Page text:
And I don’t think many people – if any – would give him a pass based upon his football play or being a nice guy and good friend for several years prior to that act.

      Infamy plays no favorites

      • Orphan of the Road says:

        Perhaps if your darkest deeds are followed by act which attempt to makeup for your behavior.

        JJ Maloney is an example. Serving four-life sentences in Jeff City, he was pardoned by the governor. Went on to uncover the corruption and mob involvement in the River Quay, exposed the Freeway Killer as preying on gay men and writing about the firemen’s death which exposed the FBI & local law enforcement for their mishandling and abuse in the case (sadly, he died before authorities acknowledged he was correct).

        We exchanged emails a few times concerning a KC murder in the late 50s which was never solved. He expressed an interest in the story but we were never able to really delve into it.

        He told me his redemption never erased all the pain and suffering he brought upon others.

      • Markus Aurelius says:

        There’s no question that others are going to define him by the actions of his final hour or so — that’s already happening all across the country.

        I took Matt’s italicized question as not asking whether he would be considered a good one (clearly not). but rather should (or could) someone who did what Belcher did, ever again be considered “a good one”?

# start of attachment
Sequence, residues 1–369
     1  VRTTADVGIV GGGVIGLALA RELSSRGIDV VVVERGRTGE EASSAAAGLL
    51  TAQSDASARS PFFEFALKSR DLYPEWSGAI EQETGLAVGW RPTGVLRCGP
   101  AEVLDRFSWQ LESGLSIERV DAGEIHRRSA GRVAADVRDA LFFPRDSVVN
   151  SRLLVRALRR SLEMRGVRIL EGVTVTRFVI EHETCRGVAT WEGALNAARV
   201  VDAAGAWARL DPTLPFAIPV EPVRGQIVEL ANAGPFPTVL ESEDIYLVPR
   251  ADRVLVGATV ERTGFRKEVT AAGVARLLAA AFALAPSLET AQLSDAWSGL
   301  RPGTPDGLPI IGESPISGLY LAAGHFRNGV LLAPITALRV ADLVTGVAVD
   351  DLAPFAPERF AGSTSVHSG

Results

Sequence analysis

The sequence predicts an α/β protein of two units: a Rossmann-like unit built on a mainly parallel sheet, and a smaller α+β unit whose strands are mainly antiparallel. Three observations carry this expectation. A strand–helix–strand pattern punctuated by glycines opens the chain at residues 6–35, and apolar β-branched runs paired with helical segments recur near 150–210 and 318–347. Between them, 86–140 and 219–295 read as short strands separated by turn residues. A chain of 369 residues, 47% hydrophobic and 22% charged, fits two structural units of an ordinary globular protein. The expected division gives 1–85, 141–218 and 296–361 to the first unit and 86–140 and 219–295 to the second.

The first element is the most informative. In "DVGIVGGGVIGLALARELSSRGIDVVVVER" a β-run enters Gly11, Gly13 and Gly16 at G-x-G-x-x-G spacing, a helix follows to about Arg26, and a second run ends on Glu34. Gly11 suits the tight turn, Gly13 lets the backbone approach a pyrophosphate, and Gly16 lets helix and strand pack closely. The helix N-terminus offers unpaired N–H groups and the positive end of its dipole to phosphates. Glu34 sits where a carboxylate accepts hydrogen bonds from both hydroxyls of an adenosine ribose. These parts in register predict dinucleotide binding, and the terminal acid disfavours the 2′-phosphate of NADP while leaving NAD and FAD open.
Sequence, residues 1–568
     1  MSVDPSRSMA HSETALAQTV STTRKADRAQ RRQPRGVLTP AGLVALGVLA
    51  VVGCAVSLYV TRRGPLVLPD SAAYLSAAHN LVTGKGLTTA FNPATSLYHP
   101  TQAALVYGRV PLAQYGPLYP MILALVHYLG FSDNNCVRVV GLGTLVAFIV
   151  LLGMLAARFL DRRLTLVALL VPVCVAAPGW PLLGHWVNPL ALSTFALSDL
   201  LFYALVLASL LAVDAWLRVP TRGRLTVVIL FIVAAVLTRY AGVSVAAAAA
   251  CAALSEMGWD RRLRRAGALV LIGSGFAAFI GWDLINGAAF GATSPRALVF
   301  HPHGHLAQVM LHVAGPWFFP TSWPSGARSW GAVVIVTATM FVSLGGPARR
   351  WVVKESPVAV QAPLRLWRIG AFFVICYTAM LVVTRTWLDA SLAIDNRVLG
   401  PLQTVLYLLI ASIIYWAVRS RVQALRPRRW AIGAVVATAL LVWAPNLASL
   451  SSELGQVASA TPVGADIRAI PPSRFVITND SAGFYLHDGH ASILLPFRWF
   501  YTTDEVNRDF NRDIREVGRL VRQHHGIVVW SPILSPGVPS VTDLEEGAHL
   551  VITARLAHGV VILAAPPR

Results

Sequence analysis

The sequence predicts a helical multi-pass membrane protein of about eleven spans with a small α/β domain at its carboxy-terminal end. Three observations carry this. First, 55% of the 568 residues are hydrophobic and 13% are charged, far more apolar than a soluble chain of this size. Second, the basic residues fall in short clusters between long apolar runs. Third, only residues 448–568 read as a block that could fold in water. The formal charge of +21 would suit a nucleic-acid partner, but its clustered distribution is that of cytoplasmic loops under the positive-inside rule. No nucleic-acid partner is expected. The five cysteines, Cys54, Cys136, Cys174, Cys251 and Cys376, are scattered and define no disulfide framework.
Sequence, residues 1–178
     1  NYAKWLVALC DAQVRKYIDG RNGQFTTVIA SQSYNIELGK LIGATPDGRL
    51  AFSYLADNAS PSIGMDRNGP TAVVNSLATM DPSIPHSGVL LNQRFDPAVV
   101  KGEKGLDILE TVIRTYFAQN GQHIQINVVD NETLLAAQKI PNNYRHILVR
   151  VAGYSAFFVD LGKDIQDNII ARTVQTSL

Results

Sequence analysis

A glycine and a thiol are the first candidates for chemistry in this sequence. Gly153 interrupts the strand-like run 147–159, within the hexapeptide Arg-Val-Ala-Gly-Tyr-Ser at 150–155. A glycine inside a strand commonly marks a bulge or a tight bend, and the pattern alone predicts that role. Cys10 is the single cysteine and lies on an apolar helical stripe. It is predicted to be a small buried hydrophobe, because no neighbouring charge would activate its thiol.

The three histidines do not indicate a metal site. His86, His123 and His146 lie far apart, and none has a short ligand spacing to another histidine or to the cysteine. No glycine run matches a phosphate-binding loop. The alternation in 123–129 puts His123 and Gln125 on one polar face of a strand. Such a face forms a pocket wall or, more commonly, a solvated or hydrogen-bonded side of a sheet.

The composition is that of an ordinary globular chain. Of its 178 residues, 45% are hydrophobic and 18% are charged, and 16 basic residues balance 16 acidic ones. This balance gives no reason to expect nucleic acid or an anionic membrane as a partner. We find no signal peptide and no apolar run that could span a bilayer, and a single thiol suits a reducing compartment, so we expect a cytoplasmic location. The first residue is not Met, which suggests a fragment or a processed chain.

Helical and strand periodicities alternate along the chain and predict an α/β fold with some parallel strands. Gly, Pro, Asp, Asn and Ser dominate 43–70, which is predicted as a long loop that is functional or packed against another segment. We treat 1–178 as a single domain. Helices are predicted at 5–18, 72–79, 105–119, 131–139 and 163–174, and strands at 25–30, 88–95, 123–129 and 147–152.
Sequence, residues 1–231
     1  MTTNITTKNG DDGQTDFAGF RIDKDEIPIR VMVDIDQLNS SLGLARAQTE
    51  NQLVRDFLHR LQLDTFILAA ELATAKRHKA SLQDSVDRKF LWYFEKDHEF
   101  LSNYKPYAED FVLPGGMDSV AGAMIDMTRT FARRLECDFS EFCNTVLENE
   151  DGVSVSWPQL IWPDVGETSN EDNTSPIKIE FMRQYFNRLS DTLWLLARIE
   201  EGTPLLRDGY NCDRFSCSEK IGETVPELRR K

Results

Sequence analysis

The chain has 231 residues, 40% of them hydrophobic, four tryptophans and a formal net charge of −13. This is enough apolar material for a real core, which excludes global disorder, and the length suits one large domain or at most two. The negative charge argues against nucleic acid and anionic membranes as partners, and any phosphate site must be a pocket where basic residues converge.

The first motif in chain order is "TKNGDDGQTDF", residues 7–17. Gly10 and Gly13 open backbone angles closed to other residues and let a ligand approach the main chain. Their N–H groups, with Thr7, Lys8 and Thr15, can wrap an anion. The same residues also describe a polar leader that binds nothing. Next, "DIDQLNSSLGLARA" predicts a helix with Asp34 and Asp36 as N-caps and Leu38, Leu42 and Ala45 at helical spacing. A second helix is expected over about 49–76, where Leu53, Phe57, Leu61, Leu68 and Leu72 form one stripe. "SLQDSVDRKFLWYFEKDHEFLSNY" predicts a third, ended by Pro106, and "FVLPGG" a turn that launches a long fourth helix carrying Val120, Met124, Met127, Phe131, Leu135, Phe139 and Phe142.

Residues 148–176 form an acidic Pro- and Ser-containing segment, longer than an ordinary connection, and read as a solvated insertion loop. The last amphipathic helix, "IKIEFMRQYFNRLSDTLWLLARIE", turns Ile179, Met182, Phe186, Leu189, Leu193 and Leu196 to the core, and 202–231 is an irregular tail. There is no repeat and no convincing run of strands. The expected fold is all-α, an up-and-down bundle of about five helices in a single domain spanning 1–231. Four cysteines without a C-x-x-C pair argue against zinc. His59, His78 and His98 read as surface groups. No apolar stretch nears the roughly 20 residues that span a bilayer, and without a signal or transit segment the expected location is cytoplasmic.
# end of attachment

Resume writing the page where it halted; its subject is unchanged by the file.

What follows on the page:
In truth, I think the underlying premise of the question is mostly false because I think it’s nearly impossible to reduce the value of any person’s life to that of a single act, be it awe-inspiring or despicable. In either case such an act dismisses those other acts in the person’s life that had meaning, real meaning, to those they impacted either positively or negatively.

        For example, the heroism and selflessness of some guy that pulls a child from a burning building is lost on the family of the young girl he raped years before. Likewise, the murder of someone in a fit of rage late in life doesn’t negate the impact a prior act of generosity had on a formerly homeless family when the killer saved the family from a life on the streets.

        If people are willing to be honest and to spend the time, I think most can see both the good and the bad. It’s just that most of the time we’re too lazy to do so – it’s far easier to label someone that it is to actually consider who they really were and the impact they had, both good and bad, on the people they crossed during their life.

  5. the dude says:

    Murderer and coward.

  6. Rick Nichols says:

    Condemning Belcher for what he did only adds insult to injury with respect to what the families are going through at this difficult time. Hey, anyone old enough to know right from wrong knows that what he did was wrong, but calling him a murderer, a coward and what have you isn’t going to change the outcome: two people are still dead and a baby girl is now an orphan. So what do you want Clark Hunt, the NFL, Mayor Sly James and the talking heads in the media to do – criticize a dead man for his actions as if that will somehow prevent the next guy who gets upset with his wife or girlfriend from doing the same thing? Get real.

    • Matt says:

      But he was a murderer, Rick. That’s the truth. I’m not trying to pile on, but can’t we call it like it is? Instead, it seemed that many wanted to actually praise the guy, which seemed inappropriate to me.